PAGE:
“I believe that talent is more widely and equitably distributed than access to top colleges,” she says. “Bowdoin has done great work to make sure that the people who arrive are able to take part in the curriculum and the life of the College. But I suspect there’s more work to be done.”

Zaki is a champion of liberal arts colleges. She describes them as transformational places where students have the freedom and opportunity to stretch out and discover their calling whether in the classroom, on the playing fields or theater stages, or in casual conversations.

“If you think about the problems we face in today’s society, from structural racism to climate change to how new AI technologies will change the world, you quickly realize that in order to tackle them, this next generation will have to come at them from different angles. These aren’t just engineering problems; they’re problems that intersect.” If she were hiring at a company that was trying to address these problems, she says she’d look for someone with the kind of well-rounded education that Bowdoin provides. Zaki’s own children are recent graduates of Williams and Middlebury, and both have gone on to jobs in software development.

As she thinks about how she’ll begin her presidency this summer, Zaki says her first intention is to get to know both the College and the town, to meet many of the people who have sent her welcoming emails. And then she plans to listen. “I want to hear from individuals how they’ve been experiencing the institution, the challenges and opportunities,” she says. “I think that’s the right approach in the beginning. I think it’s going to take a while until I fully have the sense of the people I’m leading.”

As she and her husband settle into their new surroundings, Zaki hopes to find time to pursue her personal interests. She enjoys gardening, although she doesn’t always succeed in the way she’d like. “Brunswick is in the same climate zone as Williamstown, so I’ll be equally bad at it there,” she says with a laugh. She is, however, an accomplished all-around cook and baker. Moroccan salmon, a recipe given to her by her sister, is one of her signature dishes. She also bakes her own pita bread and, as a result of having teenagers (and their friends) around, she says, “I’ve made a lot of pizzas in my life!” In Brunswick, Zaki hopes to gather friends and colleagues around her table. “I believe in the power of food and community,” she says. “I do want to open our home and get to really meet people.”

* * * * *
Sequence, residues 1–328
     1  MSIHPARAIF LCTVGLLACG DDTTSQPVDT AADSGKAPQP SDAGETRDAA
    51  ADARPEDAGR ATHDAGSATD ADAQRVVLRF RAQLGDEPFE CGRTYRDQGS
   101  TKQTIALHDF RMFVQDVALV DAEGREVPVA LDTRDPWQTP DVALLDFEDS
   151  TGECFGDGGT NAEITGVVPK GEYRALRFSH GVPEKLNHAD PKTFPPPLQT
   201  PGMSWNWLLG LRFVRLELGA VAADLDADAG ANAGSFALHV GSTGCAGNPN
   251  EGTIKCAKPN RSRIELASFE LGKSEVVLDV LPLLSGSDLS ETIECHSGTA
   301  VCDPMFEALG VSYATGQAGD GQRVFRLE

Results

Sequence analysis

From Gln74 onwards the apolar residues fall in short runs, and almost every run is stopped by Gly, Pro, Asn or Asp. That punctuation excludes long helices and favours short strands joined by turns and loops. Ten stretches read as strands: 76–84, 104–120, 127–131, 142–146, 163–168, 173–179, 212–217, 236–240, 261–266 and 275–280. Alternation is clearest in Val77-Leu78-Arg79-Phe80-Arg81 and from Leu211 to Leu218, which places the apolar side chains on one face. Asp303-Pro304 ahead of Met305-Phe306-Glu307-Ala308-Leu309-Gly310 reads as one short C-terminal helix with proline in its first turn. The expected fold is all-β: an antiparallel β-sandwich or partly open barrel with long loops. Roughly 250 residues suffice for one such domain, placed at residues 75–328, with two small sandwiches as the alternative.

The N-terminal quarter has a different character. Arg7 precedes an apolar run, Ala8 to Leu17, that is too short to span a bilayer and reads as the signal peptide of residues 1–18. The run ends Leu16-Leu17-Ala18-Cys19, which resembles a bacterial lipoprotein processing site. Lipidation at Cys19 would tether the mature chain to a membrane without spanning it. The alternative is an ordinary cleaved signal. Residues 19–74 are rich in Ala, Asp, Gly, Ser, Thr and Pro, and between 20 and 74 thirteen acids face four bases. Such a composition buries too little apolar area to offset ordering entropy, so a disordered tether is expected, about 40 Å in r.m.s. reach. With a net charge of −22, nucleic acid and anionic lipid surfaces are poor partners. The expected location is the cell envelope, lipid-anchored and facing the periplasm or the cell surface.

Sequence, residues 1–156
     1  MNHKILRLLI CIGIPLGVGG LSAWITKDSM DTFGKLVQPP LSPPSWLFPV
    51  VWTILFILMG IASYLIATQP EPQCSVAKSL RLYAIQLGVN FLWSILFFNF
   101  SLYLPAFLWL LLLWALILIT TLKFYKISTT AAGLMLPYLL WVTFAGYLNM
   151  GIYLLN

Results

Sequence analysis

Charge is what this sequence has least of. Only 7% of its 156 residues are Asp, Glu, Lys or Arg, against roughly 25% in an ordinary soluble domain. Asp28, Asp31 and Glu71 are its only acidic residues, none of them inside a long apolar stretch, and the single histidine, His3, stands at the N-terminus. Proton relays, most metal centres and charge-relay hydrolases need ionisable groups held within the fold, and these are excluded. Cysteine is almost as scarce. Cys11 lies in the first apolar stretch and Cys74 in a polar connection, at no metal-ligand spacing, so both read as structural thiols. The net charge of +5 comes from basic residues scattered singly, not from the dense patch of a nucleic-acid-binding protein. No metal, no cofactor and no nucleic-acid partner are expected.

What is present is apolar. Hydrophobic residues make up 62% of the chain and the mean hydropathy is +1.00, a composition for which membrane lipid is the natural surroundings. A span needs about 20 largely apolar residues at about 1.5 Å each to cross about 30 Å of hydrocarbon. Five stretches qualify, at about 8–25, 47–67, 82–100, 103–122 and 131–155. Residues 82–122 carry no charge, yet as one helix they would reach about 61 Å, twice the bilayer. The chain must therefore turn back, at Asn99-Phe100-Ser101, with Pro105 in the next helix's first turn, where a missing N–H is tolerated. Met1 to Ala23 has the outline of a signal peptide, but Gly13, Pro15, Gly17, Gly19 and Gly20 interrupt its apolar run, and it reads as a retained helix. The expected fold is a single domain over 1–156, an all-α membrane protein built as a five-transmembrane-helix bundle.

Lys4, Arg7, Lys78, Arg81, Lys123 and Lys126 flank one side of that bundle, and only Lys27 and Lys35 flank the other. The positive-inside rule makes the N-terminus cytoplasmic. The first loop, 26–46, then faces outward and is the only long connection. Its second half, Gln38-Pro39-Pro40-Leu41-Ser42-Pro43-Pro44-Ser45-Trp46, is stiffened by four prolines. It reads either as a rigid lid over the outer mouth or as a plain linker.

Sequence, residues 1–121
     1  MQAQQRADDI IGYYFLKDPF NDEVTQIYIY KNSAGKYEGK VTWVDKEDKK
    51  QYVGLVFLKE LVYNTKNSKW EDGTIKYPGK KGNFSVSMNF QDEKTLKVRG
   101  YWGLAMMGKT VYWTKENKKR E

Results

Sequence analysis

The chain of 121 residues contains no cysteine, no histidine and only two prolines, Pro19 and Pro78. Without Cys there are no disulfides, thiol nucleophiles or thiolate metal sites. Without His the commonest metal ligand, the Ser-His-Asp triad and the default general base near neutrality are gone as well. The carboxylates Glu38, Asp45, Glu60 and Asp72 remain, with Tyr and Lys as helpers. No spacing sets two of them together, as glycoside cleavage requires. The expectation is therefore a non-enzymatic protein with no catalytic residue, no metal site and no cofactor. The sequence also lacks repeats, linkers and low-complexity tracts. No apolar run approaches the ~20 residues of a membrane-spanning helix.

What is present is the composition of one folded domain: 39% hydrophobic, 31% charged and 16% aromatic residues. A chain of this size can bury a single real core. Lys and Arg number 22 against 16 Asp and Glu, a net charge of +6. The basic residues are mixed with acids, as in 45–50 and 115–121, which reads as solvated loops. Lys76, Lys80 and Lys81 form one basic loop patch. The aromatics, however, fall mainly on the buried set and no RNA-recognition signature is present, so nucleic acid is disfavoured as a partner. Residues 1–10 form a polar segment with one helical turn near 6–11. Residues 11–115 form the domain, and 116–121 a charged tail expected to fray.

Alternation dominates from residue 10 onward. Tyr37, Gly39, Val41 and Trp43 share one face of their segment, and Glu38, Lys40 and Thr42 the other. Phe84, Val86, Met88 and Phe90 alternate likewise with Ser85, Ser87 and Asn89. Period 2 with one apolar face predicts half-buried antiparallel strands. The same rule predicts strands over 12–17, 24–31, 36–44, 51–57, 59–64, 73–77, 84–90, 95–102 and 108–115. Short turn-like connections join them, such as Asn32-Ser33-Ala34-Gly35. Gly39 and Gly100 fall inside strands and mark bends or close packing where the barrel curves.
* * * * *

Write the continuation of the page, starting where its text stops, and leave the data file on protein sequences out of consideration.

Any specific agenda for her presidency, then, beyond making sure the people around her feel respected and appreciated, will wait until she’s gotten to know her new home. After all, that’s how she was taught so long ago as her family moved from country to country.

“Each time we landed in a new place, the most important thing was to have an openness to the people we met, and an openness to their own traditions and ideas and issues,” Zaki says. “And that’s how I intend to begin.”

Elise Gibson is a freelance writer in western Massachusetts and the former editor of the Smith Alumnae Quarterly.

Jessica Scranton is a photographer based in Boston. Find her work at jessicascranton.com.

Thumbnail, Bowdoin Magazine Summer 2023


This story first appeared in the Spring/Summer 2023 issue of Bowdoin Magazine. Manage your subscription and see other stories from the magazine on the Bowdoin Magazine website.